The principle of individuation, or principium individuationis, describes the manner in which a thing is identified as distinguished from other things. For Carl Jung, individuation is a process of transformation, whereby the personal and collective unconscious is brought into consciousness (by means of dreams, active imagination or free association to take examples) to be assimilated into the whole personality. It is a completely natural process necessary for the integration of the psyche to take place. Jung considered individuation to be the central process of human development. In L'individuation psychique et collective, Gilbert Simondon developed a theory of individual and collective individuation in which the individual subject is considered as an effect of individuation rather than a cause. Thus, the individual atom is replaced by a never-ending ontological process of individuation. Individuation is an always incomplete process, always leaving a "pre-individual" left-over, itself making possible future individuations. The philosophy of Bernard Stiegler draws upon and modifies the work of Gilbert Simondon on individuation and also upon similar ideas in Friedrich Nietzsche and Sigmund Freud. For Stiegler, "the I, as a psychic individual, can only be thought in relationship to we, which is a collective individual. The I is constituted in adopting a collective tradition, which it inherits and in which a plurality of I's acknowledge each other's existence."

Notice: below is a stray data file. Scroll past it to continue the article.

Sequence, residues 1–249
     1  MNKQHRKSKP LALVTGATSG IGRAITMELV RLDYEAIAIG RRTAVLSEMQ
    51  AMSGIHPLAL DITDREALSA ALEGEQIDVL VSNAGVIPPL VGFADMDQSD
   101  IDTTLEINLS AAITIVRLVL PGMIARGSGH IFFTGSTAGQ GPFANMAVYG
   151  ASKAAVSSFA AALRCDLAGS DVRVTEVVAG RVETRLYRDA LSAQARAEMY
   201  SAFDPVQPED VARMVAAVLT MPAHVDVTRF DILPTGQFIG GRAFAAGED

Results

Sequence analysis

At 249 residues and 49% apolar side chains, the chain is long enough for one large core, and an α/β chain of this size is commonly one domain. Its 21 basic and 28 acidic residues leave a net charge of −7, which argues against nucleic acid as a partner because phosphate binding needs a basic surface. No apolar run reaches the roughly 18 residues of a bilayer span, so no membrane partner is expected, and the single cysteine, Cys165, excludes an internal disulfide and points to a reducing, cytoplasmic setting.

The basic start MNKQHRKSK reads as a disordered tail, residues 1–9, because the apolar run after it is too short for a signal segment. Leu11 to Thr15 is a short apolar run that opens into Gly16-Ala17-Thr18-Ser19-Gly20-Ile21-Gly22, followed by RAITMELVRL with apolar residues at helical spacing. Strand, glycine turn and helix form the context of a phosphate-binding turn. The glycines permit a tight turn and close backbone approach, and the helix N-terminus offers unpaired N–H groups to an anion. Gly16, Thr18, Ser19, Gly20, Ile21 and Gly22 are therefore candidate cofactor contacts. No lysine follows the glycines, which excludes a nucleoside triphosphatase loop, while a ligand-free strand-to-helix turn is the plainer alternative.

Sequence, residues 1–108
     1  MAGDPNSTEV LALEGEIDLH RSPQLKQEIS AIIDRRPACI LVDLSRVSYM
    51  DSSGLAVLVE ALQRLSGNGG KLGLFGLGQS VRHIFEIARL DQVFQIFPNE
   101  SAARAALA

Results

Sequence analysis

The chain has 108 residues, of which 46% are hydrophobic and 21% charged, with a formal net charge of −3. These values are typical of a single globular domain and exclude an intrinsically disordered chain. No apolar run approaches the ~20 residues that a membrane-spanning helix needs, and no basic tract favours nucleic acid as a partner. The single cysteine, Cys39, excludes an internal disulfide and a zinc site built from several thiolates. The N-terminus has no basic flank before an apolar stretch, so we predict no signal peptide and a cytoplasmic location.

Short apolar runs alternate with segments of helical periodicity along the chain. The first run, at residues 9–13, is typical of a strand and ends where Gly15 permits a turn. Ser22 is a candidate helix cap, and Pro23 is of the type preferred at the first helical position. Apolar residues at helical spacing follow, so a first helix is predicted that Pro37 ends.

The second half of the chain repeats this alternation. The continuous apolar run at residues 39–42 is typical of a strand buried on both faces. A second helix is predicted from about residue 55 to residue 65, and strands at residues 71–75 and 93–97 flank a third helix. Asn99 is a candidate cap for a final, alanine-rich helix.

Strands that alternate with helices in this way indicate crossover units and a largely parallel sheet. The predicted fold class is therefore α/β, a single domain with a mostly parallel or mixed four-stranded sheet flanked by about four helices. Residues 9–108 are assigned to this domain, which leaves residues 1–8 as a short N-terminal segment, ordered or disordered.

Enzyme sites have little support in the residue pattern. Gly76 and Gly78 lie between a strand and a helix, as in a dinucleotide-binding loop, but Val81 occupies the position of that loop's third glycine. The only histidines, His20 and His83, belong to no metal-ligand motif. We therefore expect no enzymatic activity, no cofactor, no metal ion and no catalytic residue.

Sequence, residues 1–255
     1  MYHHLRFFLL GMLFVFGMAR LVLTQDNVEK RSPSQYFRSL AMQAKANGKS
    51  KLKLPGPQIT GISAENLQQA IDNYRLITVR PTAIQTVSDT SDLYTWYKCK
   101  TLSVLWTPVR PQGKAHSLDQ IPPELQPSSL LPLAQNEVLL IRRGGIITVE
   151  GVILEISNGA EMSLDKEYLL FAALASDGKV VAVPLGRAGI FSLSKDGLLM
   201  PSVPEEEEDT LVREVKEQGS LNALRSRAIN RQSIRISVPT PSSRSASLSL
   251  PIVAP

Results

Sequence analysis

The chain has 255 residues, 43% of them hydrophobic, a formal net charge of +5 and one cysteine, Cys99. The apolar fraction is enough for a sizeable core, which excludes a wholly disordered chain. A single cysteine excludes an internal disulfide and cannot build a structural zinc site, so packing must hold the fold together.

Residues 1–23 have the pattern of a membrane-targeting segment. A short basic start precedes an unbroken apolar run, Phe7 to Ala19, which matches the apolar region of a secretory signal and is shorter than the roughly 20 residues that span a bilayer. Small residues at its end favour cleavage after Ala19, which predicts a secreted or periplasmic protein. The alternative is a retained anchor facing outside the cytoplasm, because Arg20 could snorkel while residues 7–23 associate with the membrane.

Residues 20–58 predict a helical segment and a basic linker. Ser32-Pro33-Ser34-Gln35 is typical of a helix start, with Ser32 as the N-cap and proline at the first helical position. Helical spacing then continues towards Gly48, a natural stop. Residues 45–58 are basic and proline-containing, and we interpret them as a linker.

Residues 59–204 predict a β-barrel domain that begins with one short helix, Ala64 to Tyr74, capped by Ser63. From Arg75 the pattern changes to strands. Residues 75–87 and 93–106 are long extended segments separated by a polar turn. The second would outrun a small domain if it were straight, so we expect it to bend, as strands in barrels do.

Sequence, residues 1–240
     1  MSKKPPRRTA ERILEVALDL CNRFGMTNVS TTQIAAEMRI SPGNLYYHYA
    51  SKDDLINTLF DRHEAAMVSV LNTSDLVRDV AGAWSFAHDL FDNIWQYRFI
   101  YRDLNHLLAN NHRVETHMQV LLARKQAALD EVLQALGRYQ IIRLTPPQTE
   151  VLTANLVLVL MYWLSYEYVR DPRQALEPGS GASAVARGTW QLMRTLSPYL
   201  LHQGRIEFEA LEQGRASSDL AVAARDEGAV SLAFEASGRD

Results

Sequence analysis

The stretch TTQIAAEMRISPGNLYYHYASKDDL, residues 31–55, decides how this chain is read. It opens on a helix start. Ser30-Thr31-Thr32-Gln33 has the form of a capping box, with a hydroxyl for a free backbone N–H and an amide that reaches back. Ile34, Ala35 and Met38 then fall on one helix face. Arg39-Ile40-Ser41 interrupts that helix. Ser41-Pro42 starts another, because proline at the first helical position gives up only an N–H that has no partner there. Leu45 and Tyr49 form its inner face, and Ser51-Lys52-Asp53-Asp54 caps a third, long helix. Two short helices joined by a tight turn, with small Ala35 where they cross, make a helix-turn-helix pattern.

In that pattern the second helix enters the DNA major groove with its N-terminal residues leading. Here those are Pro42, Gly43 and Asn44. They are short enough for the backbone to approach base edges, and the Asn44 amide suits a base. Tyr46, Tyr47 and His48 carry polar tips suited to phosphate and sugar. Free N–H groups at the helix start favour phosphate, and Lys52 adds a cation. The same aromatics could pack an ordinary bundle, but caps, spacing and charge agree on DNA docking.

Individualism versus collectivism is a common dichotomy in cross-cultural research. Global comparative studies have found that the world's cultures vary in the degree to which they emphasize individual autonomy, freedom and initiative (individualistic traits), respectively conformity to group norms, maintaining traditions and obedience to in-group authority (collectivistic traits). Cultural differences between individualism and collectivism are differences in degrees, not in kind. Cultural individualism is strongly correlated with GDP per capita. The cultures of economically developed regions such as Australia, New Zealand, Japan, South Korea, North America and Western Europe are the most individualistic in the world. Middle income regions such as Eastern Europe, South America and mainland East Asia have cultures which are neither very individualistic nor very collectivistic. The most collectivistic cultures in the world are from economically developing regions such as the Middle East and Northern Africa, Sub-Saharan Africa, South and South-East Asia, Central Asia and Central America.